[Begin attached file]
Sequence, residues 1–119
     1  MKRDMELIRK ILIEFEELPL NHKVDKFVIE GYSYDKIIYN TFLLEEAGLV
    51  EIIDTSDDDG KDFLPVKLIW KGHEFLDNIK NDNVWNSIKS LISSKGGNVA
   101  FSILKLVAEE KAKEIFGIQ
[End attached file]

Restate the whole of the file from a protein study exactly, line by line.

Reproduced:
Sequence, residues 1–119
     1  MKRDMELIRK ILIEFEELPL NHKVDKFVIE GYSYDKIIYN TFLLEEAGLV
    51  EIIDTSDDDG KDFLPVKLIW KGHEFLDNIK NDNVWNSIKS LISSKGGNVA
   101  FSILKLVAEE KAKEIFGIQ